Another protein released by dynamically compressed chondrocytes is transforming growth factor (TGF)-β [1618]. This factor is secreted by many cell types and is known to interfere with the cell cycle and arrest differentiation [19]. With regard to chondrocytes, TGF-β induces cell proliferation in vitro and slows terminal differentiation into hypertrophic cells [20]. Numerous studies have shown that TGF-β reverses the in vitro catabolic effect of various proinflammatory cytokines on normal chondrocytes as well as chondrocytes harvested from RA and OA donors [2123].

The overall findings discussed above point to a new, unifying view of joint physiology. It suggests that many of the biological processes occurring in knee joints affected by RA and OA also participate in the maintenance of healthy knees [1, 4, 5]. It therefore seems appropriate to test the efficacy of natural supplements or ingredients, which have been shown to moderate joint pain in RA and OA, as possible candidates for treating the joint discomfort that occasionally results from strenuous exercise in healthy individuals.

UC-II is a natural ingredient which contains a glycosylated, undenatured type-II collagen [24]. Previous studies have shown that small doses of UC-II modulate joint health in both OA and RA [2426]. Tong et al. [27], using an in vivo model of collagen induced arthritis (CIA), demonstrated that ingesting microgram quantities of undenatured type II collagen significantly reduces circulating levels of inflammatory cytokines, potentially serving to decrease both the incidence and the severity of arthritis [28]. The ability to alter immunity via the ingestion of a food, or an antigen, is called oral tolerance. This is an ongoing normal physiological process that protects the alimentary tract against untoward immunological damage [29, 30]. Research into its mechanism of action has revealed that several distinct types of T regulator cells mediate this phenomenon by releasing IL-10 and TGF-β [30]. It has also been shown that this effect is transitory in nature requiring that the food, or antigen, be consumed continuously in order to maintain the tolerogenic state [30]. Given these findings, plus our current understanding of the role of various cytokines in normal joint physiology, it was hypothesized that supplementation with UC-II might relieve joint discomfort and restore joint function in healthy subjects.

The aim of this randomized, double blind, placebo-controlled study was to assess the impact of UC-II on knee function in otherwise healthy subjects with no prior history of arthritic disease who experienced knee pain upon strenuous physical exertion. The primary efficacy variable for assessing knee function included measurements of flexibility using range of motion (ROM) goniometry.


Investigational product

The investigational study product UC-II is derived from chicken sternum. It is manufactured using a patented, low-temperature process to preserve its native structure. For the clinical study, 40 mg of UC-II material (Lot 1109006), which provides 10.4 ± 1.3 mg of native type-II collagen, was encapsulated in an opaque capsule with excipients. Placebo was dispensed in an identical capsule containing only excipients (microcrystalline cellulose, magnesium stearate and silicon dioxide). Both study materials were prepared in a good manufacturing practice (GMP)-certified facility and provided by InterHealth Nutraceuticals, Inc. (Benicia, CA). Subjects were instructed to take one capsule daily with water before bedtime.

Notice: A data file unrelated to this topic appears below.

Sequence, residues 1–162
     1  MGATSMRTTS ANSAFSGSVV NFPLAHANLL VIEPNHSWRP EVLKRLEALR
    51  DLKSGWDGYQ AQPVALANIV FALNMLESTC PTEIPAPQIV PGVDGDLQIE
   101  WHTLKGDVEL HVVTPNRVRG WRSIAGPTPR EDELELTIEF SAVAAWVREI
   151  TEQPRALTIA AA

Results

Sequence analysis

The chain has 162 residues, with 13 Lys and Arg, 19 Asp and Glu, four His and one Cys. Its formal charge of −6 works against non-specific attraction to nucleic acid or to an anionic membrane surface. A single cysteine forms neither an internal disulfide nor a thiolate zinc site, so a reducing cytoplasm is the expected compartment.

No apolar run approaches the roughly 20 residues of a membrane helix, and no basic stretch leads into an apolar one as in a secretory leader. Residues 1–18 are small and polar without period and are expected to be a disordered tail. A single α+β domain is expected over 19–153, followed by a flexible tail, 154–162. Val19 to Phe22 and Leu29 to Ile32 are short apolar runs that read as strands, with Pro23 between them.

Recruitment of subjects

One hundred and six subjects were screened for eligibility using the inclusion–exclusion criteria defined in Table 1. Only healthy adults who presented with no knee joint pain at rest and no diagnosable markers indicative of active arthritic disease, as outlined by the American College of Rheumatology (ACR) guidelines [31, 32], were admitted into the study. To accomplish this, all potential subjects were screened by a board certified clinician. Subjects presenting with any knee pain at rest and at least 3 of 6 clinical classification criteria, which included age greater than 50 years, morning stiffness in the joint lasting 30 minutes or less, crepitus on knee joint manipulation, body tenderness, bony enlargements, knee swelling or presence of excess fluid, and palpable warmth, were excluded. Potential subjects reporting the occasional use of NSAIDs, other pain relief medication, or anti-inflammatory supplements underwent a 2-week washout period before randomization.

Table 1 Inclusion–exclusion criteria

Subjects were required to undergo a 10 minute period of performance testing using a standardized stepmill test developed and validated by Medicus Research (Udani JK, unpublished observation). It involved exercising at level 4 on a StepMill® model 7000PT (StairMaster® Health & Fitness Products, Inc., Kirkland, WA) until one or both knees achieved a discomfort level of 5 on an 11 point (0–10) Likert scale [33]. This pain threshold had to be achieved within a 10 minute period otherwise the subject was excluded. Once the requisite pain level was achieved the subject was asked to continue stepping for an additional two minutes in order to record the maximum pain level achieved before disembarking from the stepmill. The following knee discomfort measures were recorded from the start of the stepmill test: (1) time to onset of initial joint pain; (2) time to onset of maximum joint pain; (3) time to initial improvement in knee joint pain; (4) time to complete recovery from knee joint pain. Subjects who experienced a pain score of 5 (or greater) within one minute of starting the stress test were excluded. Out of 106 screened candidates, 55 subjects were enrolled in the study. Each subject voluntarily signed the IRB-approved informed consent form. After enrollment, the subjects were randomly assigned to either the placebo or the UC-II group.